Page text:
From: District Wire

In D.C. and cities across America, a shift in demographic landscape

Cranes dot the skyline atop the Reeves Center Building in the U Street neighborhood of Northwest. The area has seen an influx of white residents in the recent decade, along with increased development (Cuneyt Dil/The Eagle).

The District, like several major cities in the U.S., is in the midst of a transition in its racial makeup as more white people are looking for homes in inner-city neighborhoods.

That shift across U.S. cities was at the center of Columbia University professor Lance Freeman’s talk at AU Oct. 6. Freeman, who works for Columbia’s Urban Planning Program, has conducted several interviews and studies — including looking at research from the 1980’s and 90’s. As part of his work, he also looked at dissimilarity indexes, which measure how segregated white residents are from black residents in a given neighborhood.

Freeman said that the trend of white people moving into predominantly black neighborhoods is more apparent in the inner-city neighborhoods of D.C., and in places like Manhattan, Philadelphia and Chicago.

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“In D.C. there is a large black middle-class population and sizeable black enclaves. But the whites aren’t necessarily moving into those neighborhoods, they tend to be focusing more close to the central city, less in the outer parts of Washington D.C.,” Freeman said at the talk held by the Metropolitan Policy Center in the School of Public Affairs.

According to Freeman, these neighborhoods now appeal to white people because of several variables, including not being married, increased racial tolerance, lower crime rates, and having children later in life, meaning less need for cars when living in dense urban areas or the need for potentially better suburban schools.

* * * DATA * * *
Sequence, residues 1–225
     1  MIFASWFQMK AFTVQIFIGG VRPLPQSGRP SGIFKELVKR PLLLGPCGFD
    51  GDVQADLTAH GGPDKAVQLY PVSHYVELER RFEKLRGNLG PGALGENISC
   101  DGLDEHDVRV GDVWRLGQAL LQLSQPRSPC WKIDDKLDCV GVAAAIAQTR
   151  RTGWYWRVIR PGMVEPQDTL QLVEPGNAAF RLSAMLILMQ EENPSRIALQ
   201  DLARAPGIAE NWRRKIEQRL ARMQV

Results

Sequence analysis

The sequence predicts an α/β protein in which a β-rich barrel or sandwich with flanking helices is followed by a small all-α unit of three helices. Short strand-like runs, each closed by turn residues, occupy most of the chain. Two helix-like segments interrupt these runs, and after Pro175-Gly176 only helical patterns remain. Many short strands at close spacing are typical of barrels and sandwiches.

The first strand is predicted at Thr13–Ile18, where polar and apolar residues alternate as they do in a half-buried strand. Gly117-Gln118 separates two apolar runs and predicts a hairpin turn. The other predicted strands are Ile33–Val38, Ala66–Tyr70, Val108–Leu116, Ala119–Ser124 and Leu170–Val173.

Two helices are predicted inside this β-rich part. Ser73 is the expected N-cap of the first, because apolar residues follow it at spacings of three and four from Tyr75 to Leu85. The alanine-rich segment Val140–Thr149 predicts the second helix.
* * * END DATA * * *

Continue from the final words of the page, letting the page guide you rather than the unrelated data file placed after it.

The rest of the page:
Freeman also said that there were potential benefits to this trend, called “neighborhood effects,” such as more resources going to schools or better police services.

However, through interviews with longtime residents of neighborhoods going through this demographic transition, Freeman found that there was ambivalence as many fear the possibility of being displaced because they may not be able to afford to live in the area anymore.

“And there was also a lot of cynicism about why the neighborhood all of a sudden was improving. They definitely look at it as though, ‘Well the neighborhood is getting better because whites are moving in,’” Freeman said.

Freeman also argued that there are ways to lessen the impact of this trend, such as promoting affordable homeownership, housing subsidy programs, tax increment financing and housing vouchers.

“There are a number of reasons why this is important just in terms of social justice or equity,” Freeman said. “We want things to be fair for everyone to have a desirable or decent neighborhood.”

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